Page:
By Sam Levin
By Jessica Lussenhop
By Sam Levin
By Timothy Lane
By Sam Levin
By Dennis Brown
By Chris Parker
By Sam Levin
Some Dude's Apartment in Soulard
You are in a room in Soulard at 1:04 p.m., smack-dab in the asshole of St. Louis Mardi Gras, and a stranger is wrapping two 40-ounce bottles of beer into both of your hands with duct tape, tight, and directly against your skin. Within five minutes your hands will be unbearably cold. In ten, they'll be numb, and the reality will start to sink in that these 80 ounces of beer, a six-pack-plus, must be consumed. You'll have to drink these two things fast, or your hands will get frostbite and your reputation among drunks will be greatly diminished.
You look like Edward Scissorhands, but of course, not as adorable. And instead of blades, your hands are big glass bottles, one of Bud, one of Miller (the Bud is a better beer) and silver duct tape. Rub your eye, poke it with glass. Strangers look at you and laugh. Others watch out of the corner of their eyes and feel sorry for you, the pathetic jester. A grown man standing at the second-story window of a friend's Soulard apartment, bottle-arms abreast, addressing the drunken masses, bellowing like a banshee to any man passing by. Days earlier, you were royalty, and the jester-type repulsed you. Now you are him.
Soulard, Outside the 1860 Saloon
So it's come to this, Edward Fortyhands. Clumsily, willfully, drunk at 3:32 p.m. Lost in a roiling mass of people, your hands hairless and burning by 4 p.m., stepping up to the hurricane stand, ordering one in drunk-speak -- "I guuh have uh hurricane?" Then, into the ocean of lushes, so many at Mardi, all of whom agree in principle: Let's get loaded!
And loaded you get, on hurricanes, the archetypal Mardi Gras mixers, which, unfortunately, have changed since they were first concocted in New Orleans nigh a century ago. Then, they consisted of Cognac, absinthe and Polish vodka (this tidbit and a few others within courtesy of Dale DeGroff's landmark cocktail book of a few years back, The Craft of the Cocktail). Does that not sound delicious? These, though, are made with rum, more rum, lime and a host of juices.
One of the sadder sights of this joyous day: a grown man, lying face down on the sidewalk, heaving, weeping. Heartless and debilitated, you step over him and continue on your way.
Then, the body revolts, the stomach collapses in on itself. What was once an invisible receptacle, a gaping maw blindly accepting anything and everything. Then this sensation -- you know the one -- the queasy greasy uh-oh, barrels up to your head, which struggles to maintain balance. It will not, but luckily you are a few blocks from home. You stagger with the departing masses, refugees on the Trail of Tears.
Let's say your father's drink was vodka, at least judging by the bottles you occasionally found hidden about the house -- in the bin of an antique school desk, behind files in a drawer; behind the antique brass cash registers he adored. At fourteen, you found such discoveries confusing. Why would he be hiding vodka? There was a whole bottle in the liquor cabinet. You and your sister had some inkling; a few years prior, he had a mysterious illness that required an extended stay at Barnes, followed by an explanation that Dad couldn't ever have anymore alcohol -- not even Chablis mixed into white sauce -- or he would die.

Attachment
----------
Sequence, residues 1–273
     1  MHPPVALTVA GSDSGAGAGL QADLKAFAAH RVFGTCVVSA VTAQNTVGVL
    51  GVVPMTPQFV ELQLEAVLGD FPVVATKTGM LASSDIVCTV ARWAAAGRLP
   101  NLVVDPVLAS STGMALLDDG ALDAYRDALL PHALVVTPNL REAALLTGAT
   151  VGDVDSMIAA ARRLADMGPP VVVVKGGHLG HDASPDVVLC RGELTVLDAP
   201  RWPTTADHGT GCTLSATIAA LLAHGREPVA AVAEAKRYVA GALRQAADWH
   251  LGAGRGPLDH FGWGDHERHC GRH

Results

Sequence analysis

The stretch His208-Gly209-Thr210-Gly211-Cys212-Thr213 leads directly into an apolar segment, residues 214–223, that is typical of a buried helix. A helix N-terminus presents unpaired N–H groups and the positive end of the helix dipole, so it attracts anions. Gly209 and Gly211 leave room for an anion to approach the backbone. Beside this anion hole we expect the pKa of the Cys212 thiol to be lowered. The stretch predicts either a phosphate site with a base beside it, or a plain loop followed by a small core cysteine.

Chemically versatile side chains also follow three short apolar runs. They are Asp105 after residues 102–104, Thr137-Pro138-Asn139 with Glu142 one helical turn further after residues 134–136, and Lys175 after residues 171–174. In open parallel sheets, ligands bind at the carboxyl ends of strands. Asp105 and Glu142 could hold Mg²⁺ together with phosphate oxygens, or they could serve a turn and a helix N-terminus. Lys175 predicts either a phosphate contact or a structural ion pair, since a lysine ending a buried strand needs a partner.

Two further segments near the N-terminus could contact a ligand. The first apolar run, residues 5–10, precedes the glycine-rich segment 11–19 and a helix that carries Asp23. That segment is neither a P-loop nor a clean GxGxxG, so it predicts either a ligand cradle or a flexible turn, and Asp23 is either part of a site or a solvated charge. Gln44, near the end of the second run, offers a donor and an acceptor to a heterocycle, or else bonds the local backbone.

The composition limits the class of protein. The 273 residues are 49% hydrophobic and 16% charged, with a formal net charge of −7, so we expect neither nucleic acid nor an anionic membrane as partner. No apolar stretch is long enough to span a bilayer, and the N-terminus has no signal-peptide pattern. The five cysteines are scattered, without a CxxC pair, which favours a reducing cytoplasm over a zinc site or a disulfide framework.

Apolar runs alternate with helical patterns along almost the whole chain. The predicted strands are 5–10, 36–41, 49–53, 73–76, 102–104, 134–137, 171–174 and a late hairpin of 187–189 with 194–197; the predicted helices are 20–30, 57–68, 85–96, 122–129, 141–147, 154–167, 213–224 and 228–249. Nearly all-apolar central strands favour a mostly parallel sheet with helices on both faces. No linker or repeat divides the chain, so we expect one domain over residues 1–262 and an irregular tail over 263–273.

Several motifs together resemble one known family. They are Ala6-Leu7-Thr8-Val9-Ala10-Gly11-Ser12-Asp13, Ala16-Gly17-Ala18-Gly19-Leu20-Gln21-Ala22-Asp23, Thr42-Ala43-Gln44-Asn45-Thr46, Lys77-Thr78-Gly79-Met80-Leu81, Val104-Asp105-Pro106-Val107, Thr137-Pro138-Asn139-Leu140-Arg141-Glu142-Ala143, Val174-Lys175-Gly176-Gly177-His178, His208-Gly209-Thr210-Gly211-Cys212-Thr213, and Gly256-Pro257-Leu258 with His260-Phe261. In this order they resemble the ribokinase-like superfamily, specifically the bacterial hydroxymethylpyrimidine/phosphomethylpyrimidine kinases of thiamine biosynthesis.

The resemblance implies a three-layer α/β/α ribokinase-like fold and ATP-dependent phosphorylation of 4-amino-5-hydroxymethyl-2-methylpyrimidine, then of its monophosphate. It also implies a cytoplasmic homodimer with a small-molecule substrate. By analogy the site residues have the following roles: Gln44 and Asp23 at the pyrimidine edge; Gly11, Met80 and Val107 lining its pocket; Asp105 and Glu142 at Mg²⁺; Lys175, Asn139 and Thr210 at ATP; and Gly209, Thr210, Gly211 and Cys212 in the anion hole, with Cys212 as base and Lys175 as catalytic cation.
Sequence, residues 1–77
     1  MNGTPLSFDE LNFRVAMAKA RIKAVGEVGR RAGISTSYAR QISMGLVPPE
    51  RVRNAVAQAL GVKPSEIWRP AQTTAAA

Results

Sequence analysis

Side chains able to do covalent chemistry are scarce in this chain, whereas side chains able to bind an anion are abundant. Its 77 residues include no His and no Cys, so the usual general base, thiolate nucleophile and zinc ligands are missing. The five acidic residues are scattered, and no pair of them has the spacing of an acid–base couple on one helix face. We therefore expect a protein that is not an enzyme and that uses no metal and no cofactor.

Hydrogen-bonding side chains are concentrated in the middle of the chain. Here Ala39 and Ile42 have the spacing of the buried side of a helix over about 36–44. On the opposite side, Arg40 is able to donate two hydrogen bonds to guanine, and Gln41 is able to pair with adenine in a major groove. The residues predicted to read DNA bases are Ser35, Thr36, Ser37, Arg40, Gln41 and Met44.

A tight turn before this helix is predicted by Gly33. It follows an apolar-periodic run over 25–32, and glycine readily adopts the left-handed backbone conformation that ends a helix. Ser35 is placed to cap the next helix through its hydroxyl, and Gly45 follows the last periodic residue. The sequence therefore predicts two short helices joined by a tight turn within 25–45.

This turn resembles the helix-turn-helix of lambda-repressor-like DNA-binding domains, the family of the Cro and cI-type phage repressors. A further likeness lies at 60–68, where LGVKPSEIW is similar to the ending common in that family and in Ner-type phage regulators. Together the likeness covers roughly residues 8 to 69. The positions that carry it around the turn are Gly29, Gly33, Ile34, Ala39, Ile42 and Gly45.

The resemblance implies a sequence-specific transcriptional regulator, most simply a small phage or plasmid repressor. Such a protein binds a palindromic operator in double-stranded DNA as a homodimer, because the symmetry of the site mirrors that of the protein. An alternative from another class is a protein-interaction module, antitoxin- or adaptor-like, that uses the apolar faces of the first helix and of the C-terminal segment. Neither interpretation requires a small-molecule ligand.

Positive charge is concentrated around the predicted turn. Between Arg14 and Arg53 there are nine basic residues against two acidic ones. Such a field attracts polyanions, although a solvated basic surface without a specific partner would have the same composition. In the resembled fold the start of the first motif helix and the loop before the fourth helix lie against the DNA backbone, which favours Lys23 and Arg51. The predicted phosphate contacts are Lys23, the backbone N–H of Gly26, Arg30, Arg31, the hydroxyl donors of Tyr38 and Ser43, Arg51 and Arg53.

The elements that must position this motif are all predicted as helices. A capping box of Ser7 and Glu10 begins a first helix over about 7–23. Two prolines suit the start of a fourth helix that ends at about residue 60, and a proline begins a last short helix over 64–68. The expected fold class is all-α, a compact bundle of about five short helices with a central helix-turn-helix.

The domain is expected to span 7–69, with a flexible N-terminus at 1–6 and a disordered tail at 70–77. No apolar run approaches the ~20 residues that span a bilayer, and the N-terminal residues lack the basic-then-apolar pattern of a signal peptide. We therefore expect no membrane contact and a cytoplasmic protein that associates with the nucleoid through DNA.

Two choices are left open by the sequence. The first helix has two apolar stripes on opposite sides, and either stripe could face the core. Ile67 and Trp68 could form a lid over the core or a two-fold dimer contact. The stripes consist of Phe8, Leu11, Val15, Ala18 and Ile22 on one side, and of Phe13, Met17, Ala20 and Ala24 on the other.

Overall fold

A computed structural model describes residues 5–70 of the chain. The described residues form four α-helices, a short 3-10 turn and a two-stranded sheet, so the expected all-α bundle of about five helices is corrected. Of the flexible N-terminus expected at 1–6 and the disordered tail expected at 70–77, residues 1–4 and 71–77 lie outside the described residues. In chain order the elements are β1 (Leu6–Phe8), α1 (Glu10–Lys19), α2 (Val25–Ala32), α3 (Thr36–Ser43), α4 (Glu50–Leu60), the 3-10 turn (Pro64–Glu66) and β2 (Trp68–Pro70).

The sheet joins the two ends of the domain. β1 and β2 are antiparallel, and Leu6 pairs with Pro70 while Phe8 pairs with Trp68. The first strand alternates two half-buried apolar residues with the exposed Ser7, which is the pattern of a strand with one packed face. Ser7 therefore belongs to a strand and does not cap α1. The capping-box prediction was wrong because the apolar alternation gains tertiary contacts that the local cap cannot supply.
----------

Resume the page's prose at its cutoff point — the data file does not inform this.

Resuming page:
A few years later, he started drinking again, which is when you started finding bottles, the first clue that something was amiss. Plus, the usually hilarious and kind man turned grumpy. He took a lot of naps. But he was seldom drunk, and never mean. He was just a closet, ashamed drinker. You don't remember him ever slurring or stumbling. He just went out on Saturday afternoons, and many weeknights, then came home and went to bed.
When you were fifteen, Mom and Dad caught you drunk for the first time. They tripped over you on the front porch; when you're drunk, keys can be difficult to maneuver. The next day Dad took you on a drive, but he had to pull over when he started crying too hard to steer. He explained that he understood that you were experimenting, and that you'd have to learn on your own about alcohol. But, he said, he had a drinking problem, and had always had a drinking problem.
A couple years later his liver started showing signs of giving out, and you and your mom and sister drove him as a family to rehab.
He was in that place that David Foster Wallace, in his novel Infinite Jest, describes in great detail: "... then, finally, no relief available anywhere at all; finally it's impossible to get high enough to freeze what you feel like, being this way; and now you hate the substance, hate it, but you still find yourself unable to stop doing it, the Substance, you find you finally want to stop more than anything on earth and it's no fun doing it anymore and you can't believe you ever liked doing it and but you still can't stop, it's like you're totally fucking bats, it's like there's two yous...."
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